Advisory Board

Dr. Henry Daniell

The ScienceDaily article Effective, Safe Anthrax Vaccine Can Be Grown In Tobacco Plants said

Enough anthrax vaccine to inoculate everyone in the United States could be grown inexpensively and safely with only one acre of tobacco plants, a University of Central Florida molecular biologist has found.
Mice immunized with a vaccine produced in UCF professor Henry Daniell’s laboratory through the genetic engineering of tobacco plants survived lethal doses of anthrax administered later by National Institutes of Health researchers.
Daniell’s research is a breakthrough in efforts to find a safe and effective method of producing large quantities of vaccine for anthrax, one of the top bioterrorism threats facing the United States. The new production method also could help the government and health care providers avoid supply shortages, as one acre of plants can produce 360 million doses in a year.

The ScienceDaily article Insulin Grown In Plants Relieves Diabetes In Mice: Holds Promise For Humans said

Capsules of insulin produced in genetically modified lettuce could hold the key to restoring the body’s ability to produce insulin and help millions of Americans who suffer from insulin-dependent diabetes, according to University of Central Florida biomedical researchers.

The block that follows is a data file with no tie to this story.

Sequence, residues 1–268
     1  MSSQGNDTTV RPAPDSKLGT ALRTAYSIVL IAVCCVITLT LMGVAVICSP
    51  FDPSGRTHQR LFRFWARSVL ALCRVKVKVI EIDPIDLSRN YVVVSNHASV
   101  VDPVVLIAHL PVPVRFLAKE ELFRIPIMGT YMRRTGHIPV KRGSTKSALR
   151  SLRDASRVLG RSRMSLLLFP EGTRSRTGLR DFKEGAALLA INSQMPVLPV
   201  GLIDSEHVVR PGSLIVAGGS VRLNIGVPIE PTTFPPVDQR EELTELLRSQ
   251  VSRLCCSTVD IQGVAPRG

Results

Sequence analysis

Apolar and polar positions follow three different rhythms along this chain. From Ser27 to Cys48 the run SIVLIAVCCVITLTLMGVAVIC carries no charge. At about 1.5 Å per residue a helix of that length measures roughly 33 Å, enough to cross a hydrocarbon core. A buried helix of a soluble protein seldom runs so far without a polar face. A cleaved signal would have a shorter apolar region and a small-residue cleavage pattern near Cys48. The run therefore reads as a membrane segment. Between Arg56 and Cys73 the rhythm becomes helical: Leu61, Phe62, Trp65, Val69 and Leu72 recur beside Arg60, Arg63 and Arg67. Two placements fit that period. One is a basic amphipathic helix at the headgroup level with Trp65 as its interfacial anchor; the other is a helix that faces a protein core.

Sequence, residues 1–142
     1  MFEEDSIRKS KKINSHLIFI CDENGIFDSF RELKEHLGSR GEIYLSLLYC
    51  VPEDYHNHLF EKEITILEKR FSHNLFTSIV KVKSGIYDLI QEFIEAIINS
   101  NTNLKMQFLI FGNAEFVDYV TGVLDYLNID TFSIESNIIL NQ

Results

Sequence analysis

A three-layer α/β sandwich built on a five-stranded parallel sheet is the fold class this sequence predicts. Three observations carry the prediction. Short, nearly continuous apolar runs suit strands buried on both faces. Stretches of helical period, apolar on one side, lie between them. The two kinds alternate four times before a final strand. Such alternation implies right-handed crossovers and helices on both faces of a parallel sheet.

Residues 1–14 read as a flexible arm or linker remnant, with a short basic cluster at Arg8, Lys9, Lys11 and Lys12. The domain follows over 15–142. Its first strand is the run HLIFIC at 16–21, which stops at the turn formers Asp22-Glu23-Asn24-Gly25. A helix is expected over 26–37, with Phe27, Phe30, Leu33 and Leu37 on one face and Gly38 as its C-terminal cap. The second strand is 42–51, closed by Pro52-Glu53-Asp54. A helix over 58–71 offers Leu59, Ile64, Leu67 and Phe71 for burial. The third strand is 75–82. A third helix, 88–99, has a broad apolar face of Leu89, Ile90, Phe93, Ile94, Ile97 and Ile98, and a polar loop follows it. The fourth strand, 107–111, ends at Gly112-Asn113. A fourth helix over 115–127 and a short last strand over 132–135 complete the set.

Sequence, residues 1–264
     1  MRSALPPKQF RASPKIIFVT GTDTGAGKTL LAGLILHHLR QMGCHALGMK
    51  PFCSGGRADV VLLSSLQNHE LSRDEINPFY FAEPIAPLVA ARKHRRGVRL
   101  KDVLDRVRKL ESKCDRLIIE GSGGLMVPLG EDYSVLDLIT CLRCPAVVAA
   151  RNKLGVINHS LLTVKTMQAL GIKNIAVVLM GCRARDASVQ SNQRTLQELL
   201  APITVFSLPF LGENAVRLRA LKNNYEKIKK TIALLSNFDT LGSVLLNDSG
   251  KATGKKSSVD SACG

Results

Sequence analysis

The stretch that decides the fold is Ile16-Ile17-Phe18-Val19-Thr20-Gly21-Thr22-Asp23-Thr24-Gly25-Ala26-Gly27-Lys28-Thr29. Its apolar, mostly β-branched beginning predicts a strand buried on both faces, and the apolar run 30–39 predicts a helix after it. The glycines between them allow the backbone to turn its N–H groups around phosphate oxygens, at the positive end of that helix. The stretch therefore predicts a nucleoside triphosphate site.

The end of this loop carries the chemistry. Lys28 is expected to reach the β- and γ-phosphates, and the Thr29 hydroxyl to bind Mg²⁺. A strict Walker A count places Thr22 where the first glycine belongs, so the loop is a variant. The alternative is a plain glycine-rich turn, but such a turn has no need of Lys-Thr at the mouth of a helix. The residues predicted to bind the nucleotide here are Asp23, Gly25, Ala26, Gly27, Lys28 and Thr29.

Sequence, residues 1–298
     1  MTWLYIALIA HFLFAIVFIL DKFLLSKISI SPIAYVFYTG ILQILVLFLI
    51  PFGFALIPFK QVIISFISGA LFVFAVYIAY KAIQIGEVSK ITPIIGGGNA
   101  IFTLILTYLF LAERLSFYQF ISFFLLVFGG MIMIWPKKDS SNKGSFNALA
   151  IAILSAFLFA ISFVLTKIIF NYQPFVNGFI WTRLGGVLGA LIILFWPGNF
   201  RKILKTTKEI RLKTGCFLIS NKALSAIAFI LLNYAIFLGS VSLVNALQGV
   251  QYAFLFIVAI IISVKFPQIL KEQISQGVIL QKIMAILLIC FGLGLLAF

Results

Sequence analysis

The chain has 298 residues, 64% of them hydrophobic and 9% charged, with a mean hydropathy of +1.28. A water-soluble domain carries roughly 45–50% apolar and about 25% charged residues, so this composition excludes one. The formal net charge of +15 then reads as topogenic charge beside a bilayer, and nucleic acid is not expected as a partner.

Professor Henry Daniell’s research team genetically engineered tobacco plants with the insulin gene and then administered freeze-dried plant cells to five-week-old diabetic mice as a powder for eight weeks. By the end of the study, the diabetic mice had normal blood and urine sugar levels, and their cells were producing normal levels of insulin.

Henry Daniell, Ph.D., FAAAS was born and educated in India. He moved to the United States as a post-doctoral fellow at the University of Illinois, Urbana-Champaign in 1980. Since then he has served on the faculty of Washington State University, University of Idaho Auburn University and the University of Central Florida (as Pegasus Professor & Trustee Chair). His areas of_ research interest include DNA replication in chloroplast and mitochondria, identification of new genes in organelle genomes, promiscuous DNA and their evolutionary significance, maternal inheritance, transgene containment, photosynthesis (Rubisco, electron transport), chlorophyll biosynthesis, chloroplast development, in organello protein synthesis, transcription, RNA processing, RNA stability, translation, protein import, proteolysis, and regulation of these processes.
He pioneered the chloroplast genetic engineering approach in the 1980s and advanced this concept to confer useful agronomic traits (for herbicide, insect, disease resistance, drought & salt tolerance, photoremediation, cytoplasmic male sterility, etc.) and to express biomaterials (e.g. biopolymers) in transgenic plants. He has extended this technology to major crops, including cotton. Most important are his contributions to human medicine, for which he has engineered transgenic plants that produce pharmaceuticals to treat diabetes and hepatitis, as well as vaccines for anthrax, plague, cholera, and other bioterrorism agents. He is currently developing an additional arm to his technology that will enable therapeutic proteins to be administered orally, being able to deliver an effective inoculation to widespread communities.